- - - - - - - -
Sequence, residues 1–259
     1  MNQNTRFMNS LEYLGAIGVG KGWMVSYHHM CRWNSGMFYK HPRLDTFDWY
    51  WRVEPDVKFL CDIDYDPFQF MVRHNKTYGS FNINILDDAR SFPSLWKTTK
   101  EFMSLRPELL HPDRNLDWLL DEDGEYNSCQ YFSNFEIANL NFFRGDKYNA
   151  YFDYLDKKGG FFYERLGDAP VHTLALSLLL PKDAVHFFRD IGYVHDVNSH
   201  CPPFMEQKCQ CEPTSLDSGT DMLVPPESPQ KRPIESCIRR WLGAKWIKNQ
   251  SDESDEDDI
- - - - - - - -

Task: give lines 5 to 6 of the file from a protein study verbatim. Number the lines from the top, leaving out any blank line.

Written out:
   151  YFDYLDKKGG FFYERLGDAP VHTLALSLLL PKDAVHFFRD IGYVHDVNSH
   201  CPPFMEQKCQ CEPTSLDSGT DMLVPPESPQ KRPIESCIRR WLGAKWIKNQ